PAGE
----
- Jackets: I prefer soft shell, water resistant or waterproof jackets for their comfort and temperature regulating capabilities. On particularly wet or cold days I stuff a packable rain jacket in my pocket to be worn over – or in the case of cold winds or rapid temperature decline –under my soft shell jacket. Some folks prefer traditional, hard shell rain jackets. I find them too warm, and typically unnecessary in Oregon rain, but many will argue otherwise, so try for yourself!
- Gloves: Neoprene gloves can be very warm in a downpour, but don’t work well in cold, dry, weather. If your hands are prone to cold, try layering gloves: Use thin wool gloves or rubber nitrile gloves as a base, covered by thicker, winter riding gloves. When it’s exceptionally cold, it’s okay to skip on cycling gloves and reach for ski gloves. I take extra gloves on almost every long ride, because I know cold fingers can be my downfall.
- Booties: Cycling over boots aren’t just funny looking, they’re actually useful! Neoprene booties work well in rain. Thicker, winter booties work well in cold, dry weather. Many Portland riders use simple, cotton over boots for every-day rides. If you are prone to exceptionally cold feet, consider investing in a pair of winter riding shoes.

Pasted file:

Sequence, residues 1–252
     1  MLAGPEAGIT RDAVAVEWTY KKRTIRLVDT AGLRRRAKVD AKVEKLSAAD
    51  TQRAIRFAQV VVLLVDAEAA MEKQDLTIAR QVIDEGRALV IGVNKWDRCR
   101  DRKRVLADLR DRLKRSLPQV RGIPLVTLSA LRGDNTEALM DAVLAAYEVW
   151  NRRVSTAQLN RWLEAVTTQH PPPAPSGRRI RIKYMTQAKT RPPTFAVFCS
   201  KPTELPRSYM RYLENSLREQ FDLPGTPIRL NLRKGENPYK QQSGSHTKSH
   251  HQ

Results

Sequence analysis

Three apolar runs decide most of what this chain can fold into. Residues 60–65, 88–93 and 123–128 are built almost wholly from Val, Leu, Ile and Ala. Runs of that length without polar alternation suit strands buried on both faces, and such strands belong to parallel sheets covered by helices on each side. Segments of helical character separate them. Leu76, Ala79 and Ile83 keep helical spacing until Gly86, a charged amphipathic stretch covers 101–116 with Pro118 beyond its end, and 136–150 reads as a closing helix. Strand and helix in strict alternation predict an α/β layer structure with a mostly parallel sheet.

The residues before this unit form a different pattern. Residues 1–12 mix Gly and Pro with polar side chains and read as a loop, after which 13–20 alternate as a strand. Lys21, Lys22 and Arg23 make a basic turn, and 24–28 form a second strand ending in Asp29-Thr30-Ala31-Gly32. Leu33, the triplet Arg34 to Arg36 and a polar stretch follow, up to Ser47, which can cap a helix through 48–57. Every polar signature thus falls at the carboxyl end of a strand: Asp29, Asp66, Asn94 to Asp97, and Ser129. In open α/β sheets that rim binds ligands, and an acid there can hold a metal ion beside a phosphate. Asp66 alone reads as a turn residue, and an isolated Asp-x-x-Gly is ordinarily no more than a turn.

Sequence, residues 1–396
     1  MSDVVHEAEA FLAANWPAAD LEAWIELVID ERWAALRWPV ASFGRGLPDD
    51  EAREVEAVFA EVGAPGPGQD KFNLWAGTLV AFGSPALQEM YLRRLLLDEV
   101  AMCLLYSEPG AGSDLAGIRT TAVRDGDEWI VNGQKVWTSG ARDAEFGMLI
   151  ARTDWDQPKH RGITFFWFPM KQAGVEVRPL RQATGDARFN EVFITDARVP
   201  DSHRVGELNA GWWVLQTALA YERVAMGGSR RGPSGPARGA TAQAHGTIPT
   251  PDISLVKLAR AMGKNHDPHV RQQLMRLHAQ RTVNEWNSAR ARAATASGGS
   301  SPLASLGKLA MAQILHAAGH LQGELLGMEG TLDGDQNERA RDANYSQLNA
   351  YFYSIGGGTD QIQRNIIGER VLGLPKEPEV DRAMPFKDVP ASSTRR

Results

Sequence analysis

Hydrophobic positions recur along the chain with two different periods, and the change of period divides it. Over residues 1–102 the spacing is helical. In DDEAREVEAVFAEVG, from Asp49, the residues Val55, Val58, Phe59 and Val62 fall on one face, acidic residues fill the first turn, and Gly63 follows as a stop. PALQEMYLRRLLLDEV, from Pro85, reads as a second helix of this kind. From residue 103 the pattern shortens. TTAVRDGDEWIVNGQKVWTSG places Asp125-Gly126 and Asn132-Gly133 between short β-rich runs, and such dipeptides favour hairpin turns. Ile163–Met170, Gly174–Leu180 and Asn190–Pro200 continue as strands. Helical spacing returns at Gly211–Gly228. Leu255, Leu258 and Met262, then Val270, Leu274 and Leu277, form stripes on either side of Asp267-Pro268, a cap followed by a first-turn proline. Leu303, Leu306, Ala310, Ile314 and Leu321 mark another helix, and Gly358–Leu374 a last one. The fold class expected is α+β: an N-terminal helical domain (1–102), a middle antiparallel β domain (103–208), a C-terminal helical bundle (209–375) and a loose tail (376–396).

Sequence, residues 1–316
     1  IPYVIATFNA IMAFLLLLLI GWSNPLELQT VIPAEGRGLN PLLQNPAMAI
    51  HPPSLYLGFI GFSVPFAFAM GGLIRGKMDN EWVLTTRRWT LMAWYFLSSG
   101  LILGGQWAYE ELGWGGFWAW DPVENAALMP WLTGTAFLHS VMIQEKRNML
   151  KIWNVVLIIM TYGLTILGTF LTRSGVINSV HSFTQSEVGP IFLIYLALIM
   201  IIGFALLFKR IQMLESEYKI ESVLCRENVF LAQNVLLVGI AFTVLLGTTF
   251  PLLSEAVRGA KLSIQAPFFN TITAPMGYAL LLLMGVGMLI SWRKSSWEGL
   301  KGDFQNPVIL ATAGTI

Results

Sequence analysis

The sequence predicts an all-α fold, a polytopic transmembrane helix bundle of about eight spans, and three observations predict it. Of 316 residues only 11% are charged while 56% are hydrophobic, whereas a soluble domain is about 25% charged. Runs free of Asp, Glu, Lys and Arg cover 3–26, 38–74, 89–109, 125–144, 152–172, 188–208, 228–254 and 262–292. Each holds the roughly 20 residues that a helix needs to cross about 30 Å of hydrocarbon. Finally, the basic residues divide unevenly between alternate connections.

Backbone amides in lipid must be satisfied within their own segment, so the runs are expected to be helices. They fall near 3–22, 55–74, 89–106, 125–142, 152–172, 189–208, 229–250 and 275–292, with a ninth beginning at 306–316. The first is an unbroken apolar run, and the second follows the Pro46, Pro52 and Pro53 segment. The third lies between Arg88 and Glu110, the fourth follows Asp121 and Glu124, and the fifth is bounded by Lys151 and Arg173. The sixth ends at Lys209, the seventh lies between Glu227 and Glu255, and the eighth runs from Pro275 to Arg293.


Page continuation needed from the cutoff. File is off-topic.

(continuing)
- Extra Layers: Never leave the house without at least a warm hat. I prefer to carry a hat, buff (neck gator), extra gloves, and a thin, packable rain layer if temperatures and precipitation are unpredictable.
- Recovery: Establish an efficient recovery routine for wet, cold, rides. Remove your wet clothes and chamois immediately. Set the kettle to boil while you quickly rinse your bike and lube your chain, then, enjoy a hot cup of tea or recovery drink, followed by a small meal.